The Petrel is a whale catcher boat.
These fast boats and their explosive harpoons in the bows were what
started the industrial age of whaling. They made it possible to
catch up with fast swimming large rorquals such as blue and fin
whales, to harpoon them and then pump them with compressed air so
they didn't sink.
The whole boat would function
like a giant fishing rod and reel with the line running out
when the whale was struck with on board mechanisms to take
the strain and start winding the caught whale in.
Such boats were notoriously
uncomfortable at sea and the work arduous and relentless.
Needless to say the crews were the best paid of the whalers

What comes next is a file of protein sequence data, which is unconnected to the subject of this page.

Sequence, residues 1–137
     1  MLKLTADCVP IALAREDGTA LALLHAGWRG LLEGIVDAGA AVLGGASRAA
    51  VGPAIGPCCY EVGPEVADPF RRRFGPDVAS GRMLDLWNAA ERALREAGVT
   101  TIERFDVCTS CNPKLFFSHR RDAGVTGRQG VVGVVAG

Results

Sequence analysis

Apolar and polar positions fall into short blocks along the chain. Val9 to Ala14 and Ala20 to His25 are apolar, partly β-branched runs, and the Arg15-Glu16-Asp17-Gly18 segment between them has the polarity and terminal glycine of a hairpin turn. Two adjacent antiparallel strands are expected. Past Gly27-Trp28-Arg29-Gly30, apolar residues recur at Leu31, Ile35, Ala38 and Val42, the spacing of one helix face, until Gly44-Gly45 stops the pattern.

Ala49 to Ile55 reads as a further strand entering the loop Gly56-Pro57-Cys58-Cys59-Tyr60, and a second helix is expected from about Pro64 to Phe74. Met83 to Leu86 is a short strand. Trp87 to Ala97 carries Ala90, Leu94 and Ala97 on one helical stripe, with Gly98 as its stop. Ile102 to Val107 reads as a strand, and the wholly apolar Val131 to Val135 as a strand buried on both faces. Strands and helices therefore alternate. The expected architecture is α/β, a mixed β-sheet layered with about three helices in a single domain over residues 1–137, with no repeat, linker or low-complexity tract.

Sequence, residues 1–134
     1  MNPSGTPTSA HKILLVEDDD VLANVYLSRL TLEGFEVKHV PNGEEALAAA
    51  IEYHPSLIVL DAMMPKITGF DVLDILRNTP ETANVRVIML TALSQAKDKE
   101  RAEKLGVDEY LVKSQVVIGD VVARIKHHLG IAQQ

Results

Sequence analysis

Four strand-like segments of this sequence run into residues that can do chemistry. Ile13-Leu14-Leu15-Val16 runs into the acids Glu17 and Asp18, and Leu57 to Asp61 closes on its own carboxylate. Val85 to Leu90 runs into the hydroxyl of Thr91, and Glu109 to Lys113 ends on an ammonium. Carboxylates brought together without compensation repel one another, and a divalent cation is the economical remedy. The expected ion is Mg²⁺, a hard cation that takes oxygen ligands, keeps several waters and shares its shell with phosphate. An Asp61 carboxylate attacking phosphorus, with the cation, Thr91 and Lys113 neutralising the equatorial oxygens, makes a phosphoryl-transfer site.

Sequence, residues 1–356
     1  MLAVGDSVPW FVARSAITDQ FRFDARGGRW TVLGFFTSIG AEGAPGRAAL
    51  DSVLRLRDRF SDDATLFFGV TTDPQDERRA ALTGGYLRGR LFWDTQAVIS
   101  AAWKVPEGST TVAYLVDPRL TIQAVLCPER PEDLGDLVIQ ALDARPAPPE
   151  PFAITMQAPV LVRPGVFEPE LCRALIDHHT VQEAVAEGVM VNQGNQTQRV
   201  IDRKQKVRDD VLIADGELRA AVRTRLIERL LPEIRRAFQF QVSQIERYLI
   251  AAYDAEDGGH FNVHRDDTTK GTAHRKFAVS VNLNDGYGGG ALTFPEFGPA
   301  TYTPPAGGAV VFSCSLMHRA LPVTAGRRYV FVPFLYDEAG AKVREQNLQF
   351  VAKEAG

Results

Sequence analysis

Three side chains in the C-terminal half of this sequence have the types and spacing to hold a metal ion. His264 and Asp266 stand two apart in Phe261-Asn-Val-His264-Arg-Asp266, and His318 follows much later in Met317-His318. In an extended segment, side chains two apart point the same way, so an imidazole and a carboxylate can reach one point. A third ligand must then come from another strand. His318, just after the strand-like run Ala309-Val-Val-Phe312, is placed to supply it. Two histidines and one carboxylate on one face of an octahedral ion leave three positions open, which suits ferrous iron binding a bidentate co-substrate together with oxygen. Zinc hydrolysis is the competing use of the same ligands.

with the harpooner being the best paid of all as the success
of the whole enterprise was based on his skill. The harpooner
would usually be the captain of the whale catcher, he would
get quickly from the bridge to the harpoon by way of a
"flying bridge" (collapsed on this boat) a walkway that
avoided the delay of going down on deck first.
While I am more than happy
that whaling by such means is on the decline and doesn't
take place to the extent that it did, I can't help but
admire the men who put themselves at the forefront
succeeding (or not) by their skill and wits in very arduous
These are pictures from
a trip to Antarctica in the summer of 2010 - 2011 for the purpose of
researching former whaling stations and companies by Ulf Gustafsson
of the University of Groningen in the Netherlands.
copyright Ulf Gustafsson.